What can you teach me about fuses?

toyota
camry
fuses

#1

Hi, I’m female. Took Auto Mechanics 101 back in the dark ages when I was young because I saw my mother get ripped off by mechanics and she never understood what they were talking about. So I know the basics.

I have driven nothing but Toyotas, either used Camrys or a used Corolla, for the past 8 years.
Just got a used 1999 Camry for a great price. Knew it needed some work but based on
the vehicle history, which I checked at Autocheck dot com, I felt comfortable with what I was buying, the potential repairs needed, and the price of the vehicle. Plus my budget was very limited so I had to stay within budget.

The power door locks suddenly stopped working along with the little light around the key ignition, and the dome light didn’t work at all, so I began to wonder if that could be a simple fuse issue. Found the owners manual online (thanks whoever uploads those) and found the fuse diagram. After studying which fuses control what I took out the two remaining spares, inserted them, and voila!, I now have power door locks, a dome light, and the keyhole light again.

I feel very smart now.

So my question is, could a fuse also be causing the car to not start up right away? A Toyota specialist told me it was probably some valve thing that’ll cost $450 but could it have something to do with the fuse that controls the starter?

The car also has a thermostat issue. Not overheating, but if I drive on the freeway for any amount of time it drops down to very cold. Driving in town it’s at the halfway point, which I know it normal. Mechanic told me it’s a bad thermostat but could that also be fuse related?

Secondly, is dumb to just go buy some new fuses for these areas, try them, and see if that fixes it?

Third, the car has an ancient CD changer in the trunk. If I go get some info from YouTube can I remove that by myself? Can I just cut those wires to the CD changer and its controller or is that stupid? Will doing that somehow mess up the electrical system?

Thanks! Love my new/old Camry. High miles and still drives like a champ.


#2

Glad you are trying to figure out how to take care of your car. When you say ‘causing the car to not start up right away’ what do you mean. Does the starter crank but the engine not start or is there silence? Tell us more about what happens for us to help you.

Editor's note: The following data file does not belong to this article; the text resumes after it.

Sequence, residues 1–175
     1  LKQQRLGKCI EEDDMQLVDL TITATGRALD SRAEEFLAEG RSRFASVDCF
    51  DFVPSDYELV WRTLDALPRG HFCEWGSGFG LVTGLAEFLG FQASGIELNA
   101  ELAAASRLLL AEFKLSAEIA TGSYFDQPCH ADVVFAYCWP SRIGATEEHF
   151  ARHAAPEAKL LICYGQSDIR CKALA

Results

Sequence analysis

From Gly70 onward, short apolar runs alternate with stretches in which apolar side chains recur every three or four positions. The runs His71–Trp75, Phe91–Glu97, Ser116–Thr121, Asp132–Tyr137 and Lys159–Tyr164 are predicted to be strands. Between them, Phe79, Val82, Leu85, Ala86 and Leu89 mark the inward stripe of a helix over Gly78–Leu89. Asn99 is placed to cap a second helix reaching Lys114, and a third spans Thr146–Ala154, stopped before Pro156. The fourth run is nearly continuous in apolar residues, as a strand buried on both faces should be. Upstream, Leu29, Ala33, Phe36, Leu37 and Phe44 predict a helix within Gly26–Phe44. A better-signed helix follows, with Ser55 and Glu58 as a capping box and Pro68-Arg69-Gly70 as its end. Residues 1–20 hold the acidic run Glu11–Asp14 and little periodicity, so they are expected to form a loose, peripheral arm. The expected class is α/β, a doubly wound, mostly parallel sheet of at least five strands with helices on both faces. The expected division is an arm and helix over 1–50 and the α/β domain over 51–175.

A fuse is like a one time switch, it is either on and allows electricity to flow or it is blown and nothing happens until you replace it. Your starter issue does not seem to be a fuse.

This link gives an overview of what fuses do. http://auto.howstuffworks.com/wfc2.htm

Sounds like your mechanic is giving you good advice,. The thermostat does not use a fuse

Do not randomly start cutting wires to the CD changer. If you are unfamiliar with a fuse, you will struggle with the wiring and may make things worse. If the CD changer is not giving you any trouble, leave it alone until you can learn more or get someone who is familiar with car electronics to take it out…


#3

I assume those two happened to have the same amp ratings as the ones they replaced.


#4

From the sound of it, you definitely need a new thermostat. Suggest replacing it, along with the coolant.

Please define “not start up right away?”

I believe your mechanic is leaning towards low compression, due to tight valve lash. Has he actually performed a compression test, or did he just throw that out there, so to speak

It could be many things. Such as a fuel pressure problem, for example. Teeing in a fuel pressure gauge would quickly answer that question

Ebay is a good place to buy used owner’s manuals cheap. You might want to buy a Chilton or Haynes service manual at your local auto parts store. Or you could probably find the factory service manuals . . . including the electrical troubleshooting manuals . . . on ebay for a reasonable price


#5

If you want a new radio, check out crutchfields, There are often components that are needed they will suggest, vs buying a radio at a box store.


#6

Fuses are installed in the electrical circuit to make sure the wires don’t catch fire if a hot lead (battery +) touches bare metal, or ground, in some way. They contain thinner wire than what they are trying to protect so THEY burn up in that tiny little space rather that the wiring. They are either blown or not. There is no in-between. That said, they only apply to electrical things. The thermostat is not electrical, it is mechanical, and I agree with @db4690, sounds like you need a new one.